HUMZA Yousaf’s last day as health secretary has seen another decline in A&E waits, with just 62.9 per cent of patients seen on time compared to 86.6% when he started the job.

The latest Public Health Scotland figures also show the number of patients enduring extreme waits has risen by up to 1100% since Mr Yousaf took over in the middle of the pandemic.

Opposition parties called the figures a humiliating verdict on his time in charge of the NHS.

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Mr Yousaf, who will be confirmed by MSPs as Scotland’s new First Minister later today, took on the health porfolio in the week ending 23 May 2021.

In that week, PHS reported 86.6% of A&E patients were seen within four hours, while 3,448 waited more than four hours, 415 more than eight hours and 113 more than 12 hours.

Last week, the number waiting more than four hours was 9,342 (up 170%), more than eight was 3,344 (up 700%) and more than 12 hours 1,382 (up 1120%).

The Herald:

All were up on the previous week - from 8,658 to 9,342, from 2,586 to 3,334, and from 1,030 to 1,382.

Attendance was 25,742 in Mr Yousaf’s starting week, but lower last week at 25,160.

The number of patients seen on time fell from 64.7 to 62.9% in the week ending March 19, the third fall in a row. It was more than 70% in the week ending January 22.

The target is for 95% of patients to be admitted, transferred or discharged within four hours.

It has not been met nationally since July 2020.

The worst performing health board last week was NHS Forth Valley, where 45.3% of patients were seen on time, followed by NHS Fife (53.9%) and NHS Lanarkshire (54%).

Tory MSP Dr Sandesh Gulhane said: “These woeful figures are a humiliation for Humza Yousaf on the day that he’s promoted to First Minister in spite of his disastrous and failed tenure as health secretary.

“We’re well into spring and yet these A&E waiting times are the worst recorded since the peak winter pressures at the turn of the year.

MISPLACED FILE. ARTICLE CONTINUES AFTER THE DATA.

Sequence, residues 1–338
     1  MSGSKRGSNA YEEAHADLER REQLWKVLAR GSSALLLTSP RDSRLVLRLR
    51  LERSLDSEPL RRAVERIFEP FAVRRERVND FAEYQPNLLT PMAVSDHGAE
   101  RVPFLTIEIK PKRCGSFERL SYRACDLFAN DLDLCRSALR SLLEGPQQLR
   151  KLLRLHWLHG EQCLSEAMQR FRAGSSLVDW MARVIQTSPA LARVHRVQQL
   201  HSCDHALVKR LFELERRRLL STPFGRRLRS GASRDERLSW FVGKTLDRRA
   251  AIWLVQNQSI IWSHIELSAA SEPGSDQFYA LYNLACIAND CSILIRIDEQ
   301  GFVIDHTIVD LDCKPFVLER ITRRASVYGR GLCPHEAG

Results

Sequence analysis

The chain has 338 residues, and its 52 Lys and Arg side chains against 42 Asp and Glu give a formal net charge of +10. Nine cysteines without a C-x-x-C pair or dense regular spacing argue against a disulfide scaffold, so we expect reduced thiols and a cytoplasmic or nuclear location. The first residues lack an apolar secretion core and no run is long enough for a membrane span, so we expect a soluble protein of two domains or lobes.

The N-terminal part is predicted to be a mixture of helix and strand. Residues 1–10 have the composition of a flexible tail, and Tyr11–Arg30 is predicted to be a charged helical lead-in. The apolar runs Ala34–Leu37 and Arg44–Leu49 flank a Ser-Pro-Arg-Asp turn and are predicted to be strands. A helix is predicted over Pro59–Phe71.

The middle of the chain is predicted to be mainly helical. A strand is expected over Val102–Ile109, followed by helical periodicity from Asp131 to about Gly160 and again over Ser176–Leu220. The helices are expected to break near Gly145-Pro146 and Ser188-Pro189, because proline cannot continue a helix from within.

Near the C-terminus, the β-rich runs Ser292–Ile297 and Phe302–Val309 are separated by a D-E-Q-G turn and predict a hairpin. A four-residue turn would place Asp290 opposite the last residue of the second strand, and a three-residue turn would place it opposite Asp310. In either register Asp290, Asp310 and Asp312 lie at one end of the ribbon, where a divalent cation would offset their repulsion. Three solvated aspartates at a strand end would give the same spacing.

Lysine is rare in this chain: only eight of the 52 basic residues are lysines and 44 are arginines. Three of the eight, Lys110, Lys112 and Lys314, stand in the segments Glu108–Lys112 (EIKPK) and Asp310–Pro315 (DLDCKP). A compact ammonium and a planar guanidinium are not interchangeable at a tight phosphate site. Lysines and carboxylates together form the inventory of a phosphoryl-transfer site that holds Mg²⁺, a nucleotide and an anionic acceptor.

“It’s totally unacceptable that almost 1,400 patients had to wait more than 12 hours to be seen in the space of a week, as these waits inevitably lead to needless deaths.

“These figures are the product of years of dire workforce planning by successive SNP health secretaries – which has left emergency wards dangerously understaffed with burnt out doctors and nurses – as well as Humza Yousaf’s flimsy recovery plans  

“A fully-focused Humza Yousaf was bad enough for Scotland’s NHS, but a half-focused one, preoccupied by the SNP leadership election, has meant things getting even worse in our emergency wards at a time when they ought to be getting better.

“One of his first priorities as First Minister must be to belatedly get on top of the NHS crisis he presided over as health secretary.”

This is the worst level of A&E performance since January and amongst the worst ever.

Scottish Labour deputy Jackie Baillie said: “Mr Yousaf will take on the role as First Minister, leaving an abysmal record of failure in his wake.

“Since he took over as Health Secretary, Mr Yousaf has failed on every metric he set himself.

"He failed to get a grip on A&E, cancer wait times, delayed discharge, or the 1 in 7 Scots stuck on waiting lists.

“His inability to handle the crisis in our NHS has dominated his time as Health Secretary, and this shameful record will follow him into his next job.

“I sincerely hope that whoever takes over this role will take action immediately to end the crisis facing our NHS for good. They cannot surely do a worse job than Humza Yousaf, who was the worst Health Secretary in the history of devolution.”

Scottish Liberal Democrat leader Alex Cole-Hamilton said: “On the day he finishes his time as health secretary Humza Yousaf has a final parting gift for patients across Scotland: more misery and long waits at A&E.

“These new statistics should serve as a strong reminder to Humza Yousaf that though he may no longer be health secretary after today, the crisis in our NHS must remain at the very top of his in tray.

"Humza Yousaf certainly cannot continue to oppose our constructive proposals such as an urgent inquiry into the hundreds of avoidable deaths linked to the emergency care crisis, a burnout prevention strategy and a health and social care staff assembly.

“Thousands of patients have been left to wait for hours on end in our A&E departments, yet the first thing Humza Yousaf wanted to do was ask the UK government for a referendum on breaking up the UK.

"Patients and staff alike are being taken for granted by a party who just simply does not share their concerns and priorities.”